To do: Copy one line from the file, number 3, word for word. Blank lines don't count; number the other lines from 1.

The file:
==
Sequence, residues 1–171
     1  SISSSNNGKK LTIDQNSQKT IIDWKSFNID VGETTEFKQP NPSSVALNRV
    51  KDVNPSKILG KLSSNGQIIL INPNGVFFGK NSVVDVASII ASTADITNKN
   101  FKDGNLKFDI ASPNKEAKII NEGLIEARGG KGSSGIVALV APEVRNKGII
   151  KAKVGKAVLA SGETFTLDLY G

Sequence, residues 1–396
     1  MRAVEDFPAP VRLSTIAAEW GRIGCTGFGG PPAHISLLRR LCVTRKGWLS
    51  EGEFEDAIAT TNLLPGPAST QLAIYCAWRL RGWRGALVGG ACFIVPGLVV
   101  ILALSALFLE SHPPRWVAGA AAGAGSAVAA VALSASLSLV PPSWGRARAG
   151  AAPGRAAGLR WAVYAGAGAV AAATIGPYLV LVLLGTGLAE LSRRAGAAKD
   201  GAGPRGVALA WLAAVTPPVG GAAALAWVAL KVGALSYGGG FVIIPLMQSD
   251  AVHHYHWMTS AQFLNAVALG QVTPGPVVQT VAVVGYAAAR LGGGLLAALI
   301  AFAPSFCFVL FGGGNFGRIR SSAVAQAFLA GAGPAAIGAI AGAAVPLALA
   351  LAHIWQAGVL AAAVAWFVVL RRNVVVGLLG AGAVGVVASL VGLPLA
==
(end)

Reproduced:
    51  KDVNPSKILG KLSSNGQIIL INPNGVFFGK NSVVDVASII ASTADITNKN